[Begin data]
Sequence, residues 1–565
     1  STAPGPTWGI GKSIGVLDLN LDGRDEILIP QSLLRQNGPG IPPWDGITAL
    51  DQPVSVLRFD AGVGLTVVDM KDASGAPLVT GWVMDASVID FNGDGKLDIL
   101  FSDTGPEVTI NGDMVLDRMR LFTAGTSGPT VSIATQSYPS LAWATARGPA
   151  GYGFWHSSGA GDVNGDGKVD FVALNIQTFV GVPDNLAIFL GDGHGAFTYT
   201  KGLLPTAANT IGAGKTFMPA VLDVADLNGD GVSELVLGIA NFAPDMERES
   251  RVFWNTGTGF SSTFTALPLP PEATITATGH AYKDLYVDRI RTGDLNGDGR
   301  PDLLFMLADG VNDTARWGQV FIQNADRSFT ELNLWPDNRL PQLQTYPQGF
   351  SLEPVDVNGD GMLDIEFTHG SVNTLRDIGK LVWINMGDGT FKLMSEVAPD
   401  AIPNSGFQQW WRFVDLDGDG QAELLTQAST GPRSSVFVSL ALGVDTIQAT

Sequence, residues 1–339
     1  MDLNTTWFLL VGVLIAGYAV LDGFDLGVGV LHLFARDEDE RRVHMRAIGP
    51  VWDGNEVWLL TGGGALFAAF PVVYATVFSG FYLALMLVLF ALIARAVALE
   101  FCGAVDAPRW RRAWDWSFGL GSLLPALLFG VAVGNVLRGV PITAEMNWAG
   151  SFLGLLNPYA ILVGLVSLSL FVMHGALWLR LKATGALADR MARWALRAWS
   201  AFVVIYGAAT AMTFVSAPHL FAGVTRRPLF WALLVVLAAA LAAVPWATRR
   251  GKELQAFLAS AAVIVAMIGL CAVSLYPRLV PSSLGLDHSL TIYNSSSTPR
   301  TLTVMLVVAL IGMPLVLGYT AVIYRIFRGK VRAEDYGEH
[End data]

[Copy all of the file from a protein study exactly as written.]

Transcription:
Sequence, residues 1–565
     1  STAPGPTWGI GKSIGVLDLN LDGRDEILIP QSLLRQNGPG IPPWDGITAL
    51  DQPVSVLRFD AGVGLTVVDM KDASGAPLVT GWVMDASVID FNGDGKLDIL
   101  FSDTGPEVTI NGDMVLDRMR LFTAGTSGPT VSIATQSYPS LAWATARGPA
   151  GYGFWHSSGA GDVNGDGKVD FVALNIQTFV GVPDNLAIFL GDGHGAFTYT
   201  KGLLPTAANT IGAGKTFMPA VLDVADLNGD GVSELVLGIA NFAPDMERES
   251  RVFWNTGTGF SSTFTALPLP PEATITATGH AYKDLYVDRI RTGDLNGDGR
   301  PDLLFMLADG VNDTARWGQV FIQNADRSFT ELNLWPDNRL PQLQTYPQGF
   351  SLEPVDVNGD GMLDIEFTHG SVNTLRDIGK LVWINMGDGT FKLMSEVAPD
   401  AIPNSGFQQW WRFVDLDGDG QAELLTQAST GPRSSVFVSL ALGVDTIQAT

Sequence, residues 1–339
     1  MDLNTTWFLL VGVLIAGYAV LDGFDLGVGV LHLFARDEDE RRVHMRAIGP
    51  VWDGNEVWLL TGGGALFAAF PVVYATVFSG FYLALMLVLF ALIARAVALE
   101  FCGAVDAPRW RRAWDWSFGL GSLLPALLFG VAVGNVLRGV PITAEMNWAG
   151  SFLGLLNPYA ILVGLVSLSL FVMHGALWLR LKATGALADR MARWALRAWS
   201  AFVVIYGAAT AMTFVSAPHL FAGVTRRPLF WALLVVLAAA LAAVPWATRR
   251  GKELQAFLAS AAVIVAMIGL CAVSLYPRLV PSSLGLDHSL TIYNSSSTPR
   301  TLTVMLVVAL IGMPLVLGYT AVIYRIFRGK VRAEDYGEH